‘Harriet’ Is Accurate To The Real Abolitionist’s Life In All The Most Important Ways
Early in the biopic Harriet (out Nov. 1), a still enslaved Harriet Tubman (Cynthia Erivo) informs her owners that she's hired a lawyer. She wants to prove that mother, a "term slave," should be free, since she's reached the agreed upon age of 45. Though it's not surprising that Harriet and her family are rejected in this, it may surprise some audiences that a slave could hire a lawyer at all. But, this is just one fascinating aspect of Harriet that actually is accurate to the abolitionist's real life.
"I thought that was kind of brilliant," says writer/director Kasi Lemmons of Tubman's legal maneuver at the New York City press junket for the film. While she notes that, of course, many slave owners did not honor such manumission agreements, some did. And these agreements were fairly common. "I thought it was something that an audience really needed to see, in terms of just all the forms of resistance," Lemmons continues. "Legally, that was her first strategy. 'I'm going to hire a lawyer.' And when that didn't work, 'OK, we need another form of resistance.'"
Through this scene, audiences get their first taste, not just of Tubman's determination, but her character and personality. While her involvement with the Underground Railroad is widely taught, the film delves further into Tubman's attitude, the way she spoke, and how she carried herself than most history books. Thankfully, Lemmons was able to read the activist's own words to get a better sense of who she was, not just what she did.
"Her abolitionist friends, they loved her, and they spoke of her so warmly," Lemmons explains of her research. "But Harriet did a very interesting thing, she told her own story to raise money. She would go do these shows where she would talk about her life. So, the words that she used to talk about her life, I tried to use those words. And she used humor a lot ... I started being able to hear her voice."
One frequent subject of her talks was the visions Tubman said that she experienced. After suffering a head injury at the hands of an overseer at age 12, she began having vivid dreams that she believed were god's way of communicating future events to her. She had a premonition that her siblings would be sold to another owner. Three years before the Emancipation Proclamation was signed, she saw that her people would soon be free. (Tubman tells this story in writer Sarah H. Bradford's 1886 biography.) Lemmons decided to include the visions in her film in the same way Tubman recounted them. "They were so specific, and there was such certitude," she tells Bustle. "There’s no ambiguity in the way she talked about them."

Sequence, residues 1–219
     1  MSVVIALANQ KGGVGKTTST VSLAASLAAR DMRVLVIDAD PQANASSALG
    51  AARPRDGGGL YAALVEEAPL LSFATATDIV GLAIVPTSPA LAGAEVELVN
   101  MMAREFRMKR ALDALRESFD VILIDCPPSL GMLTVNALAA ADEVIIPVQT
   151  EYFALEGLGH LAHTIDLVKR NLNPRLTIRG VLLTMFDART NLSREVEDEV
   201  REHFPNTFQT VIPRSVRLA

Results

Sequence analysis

Overall, the film stays faithful to Tubman's story, but, as is the case with most biopics, there are some situations and characters that were altered or added. While slaveowner Eliza Brodess (Jennifer Nettles) was a real person, her son Gideon (Joe Alwyn) is a fictional character inspired by one of Brodess' real sons. Janelle Monáe's boarding house owner character, Marie Buchanon, was a created for the film. Walter (Henry Hunter Hall), who becomes ally of Harriet's after working with a slave catcher, is based on Walter Plowden, who Tubman actually worked with during her time as a spy in the Civil War. "I took him and reversed engineered to when they might have first met and decided how I could treat him in the most interesting way," Lemmons explains.
Audiences may be left wondering whether there's any truth behind a tense scene in which Harriet and a group of escaped slaves are able to pass a bridge in a covered wagon thanks to a mixed race slave who pretends to be a slave owner's son. This scene was inspired by the story of Tubman's escape with a slave named Tilly, who is played in the film by Kathryn Tkel.
"They didn't believe that African Americans had the wherewithal, had the intelligence, had the insight," Lemmons says of how the white men in the film could believe that a woman slave was one of them. "They would never believe they could be ingenious or plan things. The way that they underestimated these people that they lived right next to... that was their downfall in terms of the resistance."
However, perhaps the most striking and emotional moment in the film involves another major crossing: when Harriet jumps over the Mason-Dixon line and secures her own freedom. This scene is a mix of reality and an inspired choice by Erivo.
"Harriet describes very clearly stepping into freedom and looking at her hands to see if she was the same," Lemmons says, "so I knew I wanted to capture that part of it."
It was rainy the day the scene was shot, but the clouds parted at just the right moment. With Virginia standing in for Pennsylvania and a sunset standing in for a sunrise, Lemmons knew they wouldn't have much time. "It's like, 'OK, action, we're going to have one take in this light on the crane.' And [Erivo] did that. She jumped. She was in the moment."
After experiencing Erivo's intuitive portrayal and Lemmons' storytelling, many moviegoers will surely be curious to learn even more about the real Tubman and be inspired by her in their day-to-day lives. At least, that's the result Lemmons is hoping for.
"I think we're in a period where we really do have to fight for our future, and fight for our rights, and fight for our children, and fight for the planet," she says. "I think it's a good time to be reminded of how strong we are and how resilient and what can be accomplished. What one woman can accomplish through sheer force of will."